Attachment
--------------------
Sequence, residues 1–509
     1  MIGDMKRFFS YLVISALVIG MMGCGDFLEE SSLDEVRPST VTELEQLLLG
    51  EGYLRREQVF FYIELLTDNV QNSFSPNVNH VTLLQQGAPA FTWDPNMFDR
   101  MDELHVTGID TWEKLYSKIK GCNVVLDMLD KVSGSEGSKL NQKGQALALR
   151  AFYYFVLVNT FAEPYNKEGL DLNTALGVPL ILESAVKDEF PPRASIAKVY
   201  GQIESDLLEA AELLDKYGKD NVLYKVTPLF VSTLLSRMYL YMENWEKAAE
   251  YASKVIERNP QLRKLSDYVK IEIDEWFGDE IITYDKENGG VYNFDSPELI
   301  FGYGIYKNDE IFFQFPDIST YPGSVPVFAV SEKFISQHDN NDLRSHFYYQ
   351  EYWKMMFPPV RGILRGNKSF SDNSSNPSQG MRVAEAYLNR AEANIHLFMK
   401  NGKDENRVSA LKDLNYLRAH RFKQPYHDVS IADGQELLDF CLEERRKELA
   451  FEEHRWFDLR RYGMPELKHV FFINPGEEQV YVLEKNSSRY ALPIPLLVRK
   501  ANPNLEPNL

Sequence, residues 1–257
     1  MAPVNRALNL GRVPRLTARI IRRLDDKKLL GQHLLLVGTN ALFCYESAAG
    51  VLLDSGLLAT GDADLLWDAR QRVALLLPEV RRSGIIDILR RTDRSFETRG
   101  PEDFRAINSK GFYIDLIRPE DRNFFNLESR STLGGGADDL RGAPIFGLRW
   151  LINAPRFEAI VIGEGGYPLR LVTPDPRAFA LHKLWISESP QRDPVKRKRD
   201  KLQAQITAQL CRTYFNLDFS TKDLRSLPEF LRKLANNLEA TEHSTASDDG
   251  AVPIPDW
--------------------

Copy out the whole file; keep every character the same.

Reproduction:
Sequence, residues 1–509
     1  MIGDMKRFFS YLVISALVIG MMGCGDFLEE SSLDEVRPST VTELEQLLLG
    51  EGYLRREQVF FYIELLTDNV QNSFSPNVNH VTLLQQGAPA FTWDPNMFDR
   101  MDELHVTGID TWEKLYSKIK GCNVVLDMLD KVSGSEGSKL NQKGQALALR
   151  AFYYFVLVNT FAEPYNKEGL DLNTALGVPL ILESAVKDEF PPRASIAKVY
   201  GQIESDLLEA AELLDKYGKD NVLYKVTPLF VSTLLSRMYL YMENWEKAAE
   251  YASKVIERNP QLRKLSDYVK IEIDEWFGDE IITYDKENGG VYNFDSPELI
   301  FGYGIYKNDE IFFQFPDIST YPGSVPVFAV SEKFISQHDN NDLRSHFYYQ
   351  EYWKMMFPPV RGILRGNKSF SDNSSNPSQG MRVAEAYLNR AEANIHLFMK
   401  NGKDENRVSA LKDLNYLRAH RFKQPYHDVS IADGQELLDF CLEERRKELA
   451  FEEHRWFDLR RYGMPELKHV FFINPGEEQV YVLEKNSSRY ALPIPLLVRK
   501  ANPNLEPNL

Sequence, residues 1–257
     1  MAPVNRALNL GRVPRLTARI IRRLDDKKLL GQHLLLVGTN ALFCYESAAG
    51  VLLDSGLLAT GDADLLWDAR QRVALLLPEV RRSGIIDILR RTDRSFETRG
   101  PEDFRAINSK GFYIDLIRPE DRNFFNLESR STLGGGADDL RGAPIFGLRW
   151  LINAPRFEAI VIGEGGYPLR LVTPDPRAFA LHKLWISESP QRDPVKRKRD
   201  KLQAQITAQL CRTYFNLDFS TKDLRSLPEF LRKLANNLEA TEHSTASDDG
   251  AVPIPDW